A mong the several available paratransit alternatives, bike-taxis—motorbikes that operate as taxis— are a comparatively new development in India’s congested urban landscape.
Despite concerted efforts to improve urban public transport, the use of personal vehicles has increased across India. City administrations are now promoting the use of bike-taxis that can provide ridership to more commuters than a private vehicle.
While bike-taxis are prevalent in some Indian cities, their use is curtailed elsewhere in the country by state policy and statutes. Amid growing city congestion, bike-taxis are a convenient and affordable transit option that must be encouraged through a regulatory regime that builds in safety and prevents misuse. Bike-taxis were already popular in Latin American countries, such as Mexico, Colombia, and Brazil.
They are widely prevalent in many Southeast Asian countries, such as Cambodia, Thailand, Indonesia, Timor-Leste and Vietnam as well as countries across Africa, in Nigeria, Cameroon, Benin, Uganda, Kenya, Rwanda, Sierra Leone, and Tanzania.
Though Goa became the first Indian state in 1981 to permit bikes to operate as commercial vehicles and notified 64 motorcycle taxi stands across the state, their use started proliferating in India only in the second decade of the 21st century.
In 2016, Mizoram became the second state in India to allow biketaxis to operate, stipulating that only bikes that were less than two-year-old and had a speed capability of 125cc or more would be eligible for permits.
In the same year, West Bengal permitted bike-taxis to operate as commercial vehicles after considering public suggestions and the Central Government’s recommendations.
Haryana and Karnataka followed and at the end 2018, about 13 states and Union Territories in India had permitted bike-taxis to operate. Bike–taxi startups sprang up in no time to ride the wave of sharing economy Working much like Ola or Uber, which incidentally have their own biketaxi services, these startups allow a consumer to easily book a ride at the click of a button. In July 2021, Karnataka permitted electric bike-taxis to operate in the state, with the aim of providing affordable first- and last-mile connectivity.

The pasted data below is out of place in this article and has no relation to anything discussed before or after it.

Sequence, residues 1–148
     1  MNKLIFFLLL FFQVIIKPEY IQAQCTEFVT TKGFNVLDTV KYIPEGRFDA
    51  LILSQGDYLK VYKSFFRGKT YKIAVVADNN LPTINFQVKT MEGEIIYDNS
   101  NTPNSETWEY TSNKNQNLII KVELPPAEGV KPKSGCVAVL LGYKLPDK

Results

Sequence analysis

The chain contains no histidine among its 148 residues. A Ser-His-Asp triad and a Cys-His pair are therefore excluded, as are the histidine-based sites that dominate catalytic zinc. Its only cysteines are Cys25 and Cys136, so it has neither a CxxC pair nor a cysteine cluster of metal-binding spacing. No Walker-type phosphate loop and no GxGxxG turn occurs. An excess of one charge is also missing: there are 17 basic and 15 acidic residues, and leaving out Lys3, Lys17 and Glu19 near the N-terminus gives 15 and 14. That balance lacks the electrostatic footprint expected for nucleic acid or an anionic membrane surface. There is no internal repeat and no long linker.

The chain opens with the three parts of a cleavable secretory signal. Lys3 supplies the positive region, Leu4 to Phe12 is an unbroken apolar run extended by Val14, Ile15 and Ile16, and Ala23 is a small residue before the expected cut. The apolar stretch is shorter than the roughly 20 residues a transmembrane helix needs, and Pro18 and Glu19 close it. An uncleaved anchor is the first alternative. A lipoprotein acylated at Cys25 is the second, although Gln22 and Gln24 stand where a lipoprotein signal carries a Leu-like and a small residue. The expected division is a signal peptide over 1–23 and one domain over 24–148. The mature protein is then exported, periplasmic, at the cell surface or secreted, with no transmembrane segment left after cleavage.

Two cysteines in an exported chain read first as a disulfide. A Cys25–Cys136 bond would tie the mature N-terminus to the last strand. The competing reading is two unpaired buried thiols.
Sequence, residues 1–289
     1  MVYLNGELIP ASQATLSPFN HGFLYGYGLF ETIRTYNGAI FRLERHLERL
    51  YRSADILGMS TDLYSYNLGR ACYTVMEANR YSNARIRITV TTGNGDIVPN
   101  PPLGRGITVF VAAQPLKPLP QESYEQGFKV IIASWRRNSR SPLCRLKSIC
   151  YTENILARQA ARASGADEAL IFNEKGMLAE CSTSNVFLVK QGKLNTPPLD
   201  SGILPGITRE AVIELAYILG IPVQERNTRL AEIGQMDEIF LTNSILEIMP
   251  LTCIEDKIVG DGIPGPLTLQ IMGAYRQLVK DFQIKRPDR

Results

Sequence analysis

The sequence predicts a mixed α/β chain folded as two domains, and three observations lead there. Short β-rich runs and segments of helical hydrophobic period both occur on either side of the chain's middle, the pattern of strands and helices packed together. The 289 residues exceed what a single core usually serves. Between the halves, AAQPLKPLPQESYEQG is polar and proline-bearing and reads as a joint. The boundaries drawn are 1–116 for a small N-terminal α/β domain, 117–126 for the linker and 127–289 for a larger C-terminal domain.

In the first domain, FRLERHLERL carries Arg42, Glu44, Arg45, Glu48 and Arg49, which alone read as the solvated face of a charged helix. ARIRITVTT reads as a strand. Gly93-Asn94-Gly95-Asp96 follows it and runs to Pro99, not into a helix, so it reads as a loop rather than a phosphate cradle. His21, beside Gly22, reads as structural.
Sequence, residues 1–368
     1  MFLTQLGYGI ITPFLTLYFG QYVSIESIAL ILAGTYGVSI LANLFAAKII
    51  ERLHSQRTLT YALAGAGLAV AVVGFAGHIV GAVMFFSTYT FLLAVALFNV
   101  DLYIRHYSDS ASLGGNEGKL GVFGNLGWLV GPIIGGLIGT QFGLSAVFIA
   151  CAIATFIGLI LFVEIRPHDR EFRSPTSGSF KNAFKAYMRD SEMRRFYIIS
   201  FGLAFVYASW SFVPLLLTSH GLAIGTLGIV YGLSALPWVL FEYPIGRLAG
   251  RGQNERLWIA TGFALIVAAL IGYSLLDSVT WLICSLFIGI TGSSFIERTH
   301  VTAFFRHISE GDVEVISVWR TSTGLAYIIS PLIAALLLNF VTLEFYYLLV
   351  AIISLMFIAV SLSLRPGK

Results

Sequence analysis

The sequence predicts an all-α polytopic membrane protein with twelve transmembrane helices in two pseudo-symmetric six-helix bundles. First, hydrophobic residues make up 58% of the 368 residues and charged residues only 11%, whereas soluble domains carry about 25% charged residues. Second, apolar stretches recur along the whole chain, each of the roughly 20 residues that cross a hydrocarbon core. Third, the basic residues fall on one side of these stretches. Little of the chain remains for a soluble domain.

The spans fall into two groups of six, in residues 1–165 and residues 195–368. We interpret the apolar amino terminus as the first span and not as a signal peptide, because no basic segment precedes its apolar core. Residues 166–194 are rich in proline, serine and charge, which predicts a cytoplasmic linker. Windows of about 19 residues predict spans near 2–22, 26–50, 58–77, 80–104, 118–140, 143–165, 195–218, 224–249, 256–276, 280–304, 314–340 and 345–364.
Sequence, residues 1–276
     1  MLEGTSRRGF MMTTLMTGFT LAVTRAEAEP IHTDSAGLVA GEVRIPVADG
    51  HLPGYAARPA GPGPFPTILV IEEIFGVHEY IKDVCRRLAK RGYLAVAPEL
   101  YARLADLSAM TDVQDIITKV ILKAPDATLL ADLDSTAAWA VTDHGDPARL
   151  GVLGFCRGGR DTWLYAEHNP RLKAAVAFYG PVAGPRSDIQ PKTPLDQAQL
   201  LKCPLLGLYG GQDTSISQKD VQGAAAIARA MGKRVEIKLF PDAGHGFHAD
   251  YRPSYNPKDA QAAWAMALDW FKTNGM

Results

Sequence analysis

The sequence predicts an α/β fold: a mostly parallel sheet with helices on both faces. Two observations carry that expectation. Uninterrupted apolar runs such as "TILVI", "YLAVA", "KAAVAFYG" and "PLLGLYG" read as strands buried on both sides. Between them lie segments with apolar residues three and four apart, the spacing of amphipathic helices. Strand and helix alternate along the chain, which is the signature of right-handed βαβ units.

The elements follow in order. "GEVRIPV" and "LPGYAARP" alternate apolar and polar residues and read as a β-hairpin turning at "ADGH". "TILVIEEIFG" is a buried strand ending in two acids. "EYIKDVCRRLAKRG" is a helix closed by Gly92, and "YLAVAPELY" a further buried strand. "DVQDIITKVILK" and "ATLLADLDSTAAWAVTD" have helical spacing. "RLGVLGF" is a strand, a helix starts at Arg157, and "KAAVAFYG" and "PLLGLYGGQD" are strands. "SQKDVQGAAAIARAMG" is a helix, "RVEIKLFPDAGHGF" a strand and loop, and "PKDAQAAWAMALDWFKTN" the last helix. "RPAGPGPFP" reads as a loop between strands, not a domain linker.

In early 2022, Maharashtra’s Transport Commissioner said that the state is considering granting permission to bike-taxi services, but will first conduct a study to assess the vehicular density of cities in the state and the feasibility of the service.
As urbanisation intensifies, vehicle density in cities is certain to rise, generating more traffic, congestion, and air pollution. In such a scenario, four-wheelers will struggle to operate, especially if travel time is of concern. The need for a smaller, faster, cheaper, and more convenient mode of transportation is best served by two-wheelers.
The success of the cab aggregator business model and the high demand for two-wheelers has improved the prospects for bike-taxis in the country. Additionally, India’s bike-taxi industry has the potential to generate over two million livelihood opportunities and about $5 billion in revenue.
In fact, bike-taxis already have a sizeable presence in the states where they are allowed to operate, and aggregators have played a crucial role in their uptake.
For instance, Ola Bike, which first began operations in Gurugrm, Faridabad, and Jaipur in 2016, is now available in 200 cities and towns, and assesses that the real potential for bike-taxis is in India’s smaller towns and cities. Similarly, Uber operates bike-taxi services in 30 cities, with plans to expand to 200 others.
Rapido, functioning exclusively in the two-wheeler rental space, has its bike taxi services in 100 cities in India.
According to Allied Market Research, India’s bike taxi market was valued at $50.5 million in FY21 and is expected to reach $1,478 million by FY30.
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